Boris Johnson's vision of a new national flagship to replace the royal yacht looks like a "1950s fishing trawler", according to a leading naval architect.
The prime minister announced last month that the £200m vessel would "represent and promote the best of British" around the world for the next 30 years.
But Stephen Payne, the designer of the massive ocean liner Queen Mary 2, was far from impressed by the artist's impression issued by Downing Street.
He told the Daily Telegraph that it would make a "very poor" flagship for the UK and would be more suitable for the Isle of Sark, population 500.
"I just think we could do something more ambitious," he added. "The superstructure front, akin to a 1950s Hull trawler, is great for a fair-weather ship but not such a good idea for a global voyager crossing the Atlantic, Pacific, or even rounding the tip of Africa."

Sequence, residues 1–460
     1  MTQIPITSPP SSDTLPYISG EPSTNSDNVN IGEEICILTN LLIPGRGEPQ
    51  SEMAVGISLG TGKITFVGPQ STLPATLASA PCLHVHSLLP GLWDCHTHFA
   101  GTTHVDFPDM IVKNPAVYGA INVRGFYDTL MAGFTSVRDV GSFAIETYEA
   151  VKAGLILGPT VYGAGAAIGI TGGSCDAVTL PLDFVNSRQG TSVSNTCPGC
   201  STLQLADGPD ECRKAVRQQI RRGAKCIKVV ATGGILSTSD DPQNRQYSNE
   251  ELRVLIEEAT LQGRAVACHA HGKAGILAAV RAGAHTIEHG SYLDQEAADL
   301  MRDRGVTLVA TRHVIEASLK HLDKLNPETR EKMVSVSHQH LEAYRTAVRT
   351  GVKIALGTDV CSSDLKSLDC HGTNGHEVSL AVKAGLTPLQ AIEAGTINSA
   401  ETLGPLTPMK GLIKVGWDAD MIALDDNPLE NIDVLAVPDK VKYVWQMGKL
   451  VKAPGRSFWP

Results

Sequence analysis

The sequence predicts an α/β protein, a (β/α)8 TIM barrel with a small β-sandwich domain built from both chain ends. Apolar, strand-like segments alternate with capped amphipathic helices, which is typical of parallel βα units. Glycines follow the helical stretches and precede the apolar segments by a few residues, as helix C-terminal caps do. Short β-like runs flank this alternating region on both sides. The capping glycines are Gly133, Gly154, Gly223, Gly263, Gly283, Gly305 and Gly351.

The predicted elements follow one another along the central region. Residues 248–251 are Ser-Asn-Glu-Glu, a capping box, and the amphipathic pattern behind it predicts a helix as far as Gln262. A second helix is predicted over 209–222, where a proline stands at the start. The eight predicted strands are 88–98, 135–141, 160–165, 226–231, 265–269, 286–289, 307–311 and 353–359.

He said: "They say they'll use a Royal Navy crew. Isn't there a chronic manpower shortage within the service? Will the Navy look at this new vessel not with adoring eyes but with despair as it struggles to keep frontline ships at sea?
"As for financing this ship, there's £200 million to find and I'd be surprised if the running costs weren't £5 million a year."
Mr Payne said he had sent Downing Street an outline of his proposals for a new royal yacht "Britannia 2" only for them to be lost.
He envisaged a 475ft ship with a 250-seat auditorium, an on-board pub, restaurant, TV studio, museum and souvenir shop.
"Britannia's importance stemmed from her royal status," Mr Payne said. "As a royal yacht, Britannia had an unambiguous cachet. Apart from her elegantly designed spaces, she had the Band of the Royal Marines and a hand-picked crew of more than 270. This package was what gave Britannia her standing, her prestige and the distinction which lured business on board."
The original Britannia was decommissioned by Tony Blair's Labour Government in 1997.
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